Table 2 also includes a column of temperatures in degrees Celsius for each parallel algorithm of the parallel application. The temperatures represented in Table 2 are hardware independent. Consider for example the temperature associated with the parallel algorithm identified as WorkUnit_0 which was executed in the compute node located at (0,0,0). Although the monitored temperature of the compute node located at (0,0,0) during the execution of the parallel algorithm identified as WorkUnit_0 was 15 degrees Celsius, the application profile represents that thermal characteristics of WorkUnit_0 is 5 degrees Celsius. The typical average operating temperature of the compute node located at (0,0,0), 10 degrees Celsius, is factored out to produce a hardware independent temperature associated with the parallel algorithm. In a similar fashion, the average operating temperatures of the compute nodes located at (1,0,0), (0,1,0), and (1,1,0) have been factored out, respectively, from the temperatures monitored during execution of the parallel algorithms identified as WorkUnit_1, WorkUnit_2, and WorkUnit_3.

The method of FIG. 6 also includes mapping (620), in dependence upon the hardware profile (614) and application profile (620), each parallel algorithm of the parallel application (630) to a compute node in the operational group. As described in detail below with respect to FIG. 8 mapping (620) each parallel algorithm of the parallel application (630) to a compute node in the operational group may be carried out generally by mapping parallel algorithms having thermal characteristics representing greater heat generation to compute nodes having thermal characteristics representing greater heat dissipation. That is, “hot” algorithms are mapped to “cool” compute nodes, and “cool” algorithms are mapped to “hot” compute nodes. In this way, heat generation and therefore overheating in each compute node of an operational group can be controlled without throttling any parameter in the compute nodes during execution of the parallel application.

As mentioned above, establishing (616) a hardware independent application profile (618) may be carried out in various ways. For further explanation, therefore, FIG. 7 sets forth a flow chart illustrating two further exemplary alternative methods for establishing (616) a hardware independent application profile (618). In the method of FIG. 7, for example, establishing (616) a hardware independent application profile (618) may include running (706) a simulation (702) of the parallel application in the operational group. The exemplary simulation (702) of FIG. 7 includes parallel algorithms (704) representing the parallel algorithms of the parallel application and the simulation (702) uses less computational overhead than the parallel application when executed. That is, the simulation may be run faster and with less power, computational and otherwise, than the actual parallel application which it represents. Parallel algorithms of the simulation are similar in some aspect to parallel algorithms of the actual parallel application. A parallel algorithm of the simulation may have only one floating point operation, for example, while the algorithm it represents includes ten such floating point operations. A parallel algorithm of the simulation may manipulate a smaller amount of data than the parallel algorithm of the application which it represents. The simulation, when run, will generate an amount of heat in the compute nodes similar to the amount generated by the actual application, but on a smaller scale.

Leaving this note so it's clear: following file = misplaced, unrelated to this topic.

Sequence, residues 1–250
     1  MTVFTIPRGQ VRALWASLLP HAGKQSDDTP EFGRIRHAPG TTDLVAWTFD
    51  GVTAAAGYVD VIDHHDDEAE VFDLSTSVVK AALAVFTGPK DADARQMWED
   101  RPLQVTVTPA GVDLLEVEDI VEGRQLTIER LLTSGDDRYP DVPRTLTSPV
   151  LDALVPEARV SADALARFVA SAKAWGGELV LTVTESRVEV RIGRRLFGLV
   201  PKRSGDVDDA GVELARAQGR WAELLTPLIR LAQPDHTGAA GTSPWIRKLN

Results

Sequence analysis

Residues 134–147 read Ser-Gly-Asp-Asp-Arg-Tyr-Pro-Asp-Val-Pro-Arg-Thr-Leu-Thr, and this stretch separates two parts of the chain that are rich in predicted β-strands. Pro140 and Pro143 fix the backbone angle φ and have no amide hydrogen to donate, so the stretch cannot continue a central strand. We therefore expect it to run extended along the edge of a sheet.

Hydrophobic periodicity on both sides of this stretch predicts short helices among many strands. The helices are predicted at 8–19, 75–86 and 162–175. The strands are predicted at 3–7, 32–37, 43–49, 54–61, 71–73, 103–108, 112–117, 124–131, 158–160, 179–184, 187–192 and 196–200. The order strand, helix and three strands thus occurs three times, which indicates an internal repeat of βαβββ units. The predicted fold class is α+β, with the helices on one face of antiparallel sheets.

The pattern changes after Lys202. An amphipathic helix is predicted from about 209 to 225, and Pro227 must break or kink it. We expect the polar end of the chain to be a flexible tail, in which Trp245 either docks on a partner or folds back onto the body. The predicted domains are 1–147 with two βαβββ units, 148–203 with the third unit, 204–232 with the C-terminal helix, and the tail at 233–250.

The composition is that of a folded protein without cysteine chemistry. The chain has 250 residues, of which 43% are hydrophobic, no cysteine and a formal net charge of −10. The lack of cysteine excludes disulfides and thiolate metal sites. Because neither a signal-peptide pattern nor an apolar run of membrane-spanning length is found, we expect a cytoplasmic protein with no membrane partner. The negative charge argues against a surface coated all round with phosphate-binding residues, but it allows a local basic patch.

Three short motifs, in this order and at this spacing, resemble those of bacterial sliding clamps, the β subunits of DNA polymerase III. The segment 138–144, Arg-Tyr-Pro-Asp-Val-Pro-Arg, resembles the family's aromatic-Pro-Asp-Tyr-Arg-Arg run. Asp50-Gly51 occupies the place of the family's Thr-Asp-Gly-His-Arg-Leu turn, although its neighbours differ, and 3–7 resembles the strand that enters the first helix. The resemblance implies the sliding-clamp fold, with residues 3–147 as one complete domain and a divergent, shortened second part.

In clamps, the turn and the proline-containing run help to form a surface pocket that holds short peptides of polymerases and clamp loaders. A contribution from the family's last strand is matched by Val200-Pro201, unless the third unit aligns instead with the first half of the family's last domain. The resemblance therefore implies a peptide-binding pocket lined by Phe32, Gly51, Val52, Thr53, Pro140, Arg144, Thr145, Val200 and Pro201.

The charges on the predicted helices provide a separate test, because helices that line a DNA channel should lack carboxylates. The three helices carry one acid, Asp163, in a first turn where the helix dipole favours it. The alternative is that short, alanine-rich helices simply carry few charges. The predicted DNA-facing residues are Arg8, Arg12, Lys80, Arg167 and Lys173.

Establishing (616) a hardware independent application profile (618) may also include monitoring (708), for each parallel algorithm (704) of the simulation (702) running in a compute node of the operational group during the running (706) of the simulation (702), temperature (710) in the compute node and creating (712) the application profile in dependence upon the monitored temperature (712) for each parallel algorithm of the simulation run in a compute node and the hardware profile (614). Monitoring temperature and creating the application profile may be carried out as described above.

As an alternative to running (706) a simulation (702) in the operational group, establishing (616) a hardware independent application profile (618) may be carried out by establishing (716) the application profile (618) in dependence upon predetermined thermal characteristics (714) of computer program instructions of each parallel algorithm of the parallel application. Particular types of computer program instructions typically generate more heat than other types. Floating point operations, for example, typically generate more heat than load/store operations which, in turn, typically generate more heat than integer math operations.

An application profile, instead of associating temperatures and parallel algorithms, may associate a thermal profile score with each parallel algorithm. A thermal profile score may be calculated by identifying for an algorithm a number of computer program instructions in the algorithm of each type to the total number of computer program instructions in the algorithm, multiplying each number by a weight associated with the each type, thereby providing products, and summing the products. Consider for example that floating point operations have a weight of three, load/store operations have a weight of two, and integer math operations have a weight of one. Calculating a thermal profile score, for example, for an algorithm having ten floating point operations, ten load/store operations, and ten integer math operations results in a thermal profile score of 60. An application profile associating such thermal profile scores and parallel algorithms may be used in mapping the parallel algorithms to compute nodes by mapping parallel algorithms having higher thermal profile scores to compute nodes having thermal characteristics representing greater heat dissipation and vice versa. In this way parallel algorithms having computer program instructions that typically generate more heat are mapped to compute nodes with better cooling characteristics.